Singh said that the India-Canada ties have been at a low after Trudeau became the Canadian prime minister in 2015 while the Modi government was already in power. “The Indian government believes that the Canadian government is soft on Khalistani supporters in Canada and working against Indian interests,” Singh said.
Delhi has also complained about Khalistani leaders and outfits being allegedly given a free rein by Canadian authorities, including by letting them organise so-called referendums on seeking an independent state for Indian Sikhs. One such so-called referendum was held in Canada’s Surrey on Sunday while Modi and Trudeau met.
“For us, how Canada has dealt with the Khalistani issue has been a long-standing concern,” India’s external affairs minister Subrahmanyam Jaishankar said in June. “Because, very frankly, they seem to be driven by vote-bank politics.”
Canada is home to one of the largest Indian diasporas, of which Sikhs form a significant proportion. Observers had told Scroll in March that the idea of Khalistan has much greater support from some in the Sikh diaspora than from Sikhs in India, and that this support stems mainly from the gap between their memories of the storming of the Golden Temple in Amritsar by the Indian Army and the 1984 pogrom against Sikhs and the situation today.
Moreover, Trudeau’s Liberal party, short of a majority in parliament, depends on support from Canadian Sikh politician Jagmeet Singh’s New Democratic Party. Singh had once participated in a Khalistani separatist rally.
In June, India had made a diplomatic protest when a parade in Canada’s Brampton featured a tableau in which a statue depicting former Indian prime minister Indira Gandhi in a blood-stained sari with turban-clad men pointing guns at her. A placard on the tableau read: “Revenge for attack on Shri Darbar Sahib.”
The placard referred to Gandhi’s decision in 1984 to order the Indian Army to the Golden Temple after Sikh separatist leader Jarnail Bhindranwale took refuge in the complex. Few months later, Gandhi was assassinated by two of her Sikh bodyguards. Canadian authorities said that the tableau did not constitute a hate crime.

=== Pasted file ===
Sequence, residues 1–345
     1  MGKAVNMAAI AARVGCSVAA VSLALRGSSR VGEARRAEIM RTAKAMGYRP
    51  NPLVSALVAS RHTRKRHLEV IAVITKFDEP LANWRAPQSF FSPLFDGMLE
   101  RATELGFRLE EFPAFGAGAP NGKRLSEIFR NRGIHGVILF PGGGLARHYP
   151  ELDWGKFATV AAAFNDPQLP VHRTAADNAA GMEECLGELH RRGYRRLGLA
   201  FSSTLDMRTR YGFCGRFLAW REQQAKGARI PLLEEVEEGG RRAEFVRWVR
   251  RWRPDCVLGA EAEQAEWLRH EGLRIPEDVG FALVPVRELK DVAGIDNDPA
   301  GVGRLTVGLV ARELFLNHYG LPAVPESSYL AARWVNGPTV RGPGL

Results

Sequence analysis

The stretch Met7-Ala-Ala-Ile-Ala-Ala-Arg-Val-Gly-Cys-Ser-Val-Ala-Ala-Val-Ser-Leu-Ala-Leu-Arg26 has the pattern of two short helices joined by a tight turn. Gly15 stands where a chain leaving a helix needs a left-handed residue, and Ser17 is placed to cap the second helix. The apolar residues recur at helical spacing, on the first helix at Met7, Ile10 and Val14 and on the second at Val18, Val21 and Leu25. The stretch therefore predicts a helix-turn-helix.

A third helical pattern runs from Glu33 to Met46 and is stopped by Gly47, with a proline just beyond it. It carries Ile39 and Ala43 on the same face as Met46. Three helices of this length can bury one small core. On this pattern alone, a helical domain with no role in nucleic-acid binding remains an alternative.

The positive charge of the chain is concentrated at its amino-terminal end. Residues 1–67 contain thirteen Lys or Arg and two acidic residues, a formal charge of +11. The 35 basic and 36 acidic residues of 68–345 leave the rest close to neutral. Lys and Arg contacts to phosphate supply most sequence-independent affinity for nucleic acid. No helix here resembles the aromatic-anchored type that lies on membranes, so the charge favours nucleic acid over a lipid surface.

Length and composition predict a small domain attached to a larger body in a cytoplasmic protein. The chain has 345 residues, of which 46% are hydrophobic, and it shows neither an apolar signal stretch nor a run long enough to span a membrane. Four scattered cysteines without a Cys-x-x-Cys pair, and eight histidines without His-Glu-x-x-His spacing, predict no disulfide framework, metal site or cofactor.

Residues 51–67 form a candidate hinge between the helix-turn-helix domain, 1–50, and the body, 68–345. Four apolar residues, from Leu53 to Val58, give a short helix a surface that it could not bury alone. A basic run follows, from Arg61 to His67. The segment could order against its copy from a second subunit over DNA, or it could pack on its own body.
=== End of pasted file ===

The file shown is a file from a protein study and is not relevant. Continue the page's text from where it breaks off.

On the other hand, Trudeau’s comments reflected Canadian grievances with India. “The Canadian government, in turn, has alleged that India – as is China – is interfering in Canada’s domestic politics, essentially through the diaspora,” Singh said.
In June, Trudeau’s National Security Adviser Jody Thomas alleged that India was among “state actors and proxies” involved in influencing Canadian domestic politics and elections. Until then, in recent years, Canadian federal agencies had indirectly warned of India allegedly exerting influence in Canada.
Around the same time, three prominent Khalistani leaders, who were among India’s most wanted persons for various criminal cases, died in three countries in a span of a few weeks. Of these, Khalistan Tiger Force chief Hardeep Singh Nijjar was shot dead in Canada. India has designated the Khalistan Tiger Force as a terrorist outfit.
This incident had led to speculation on social media about whether the Indian intelligence agencies were linked to these deaths abroad, including on Canadian soil. Subsequently, Khalistan sympathisers had also circulated posters online targeting Indian diplomats in Canada for being the “faces of Shaheed Nijjar’s killers in Toronto”.
However, this stalemate can end. Terry Milewski, a Canadian journalist who has authored a book on Khalistan, told Mojo Story on Sunday that there is an opportunity to salvage the relationship with India once Trudeau leaves office. “Indian politicians probably need to look beyond Trudeau and consider how we’re going to steer this ship to a safe harbour after Trudeau is gone,” Milewski said, predicting that Trudeau would lose the next election.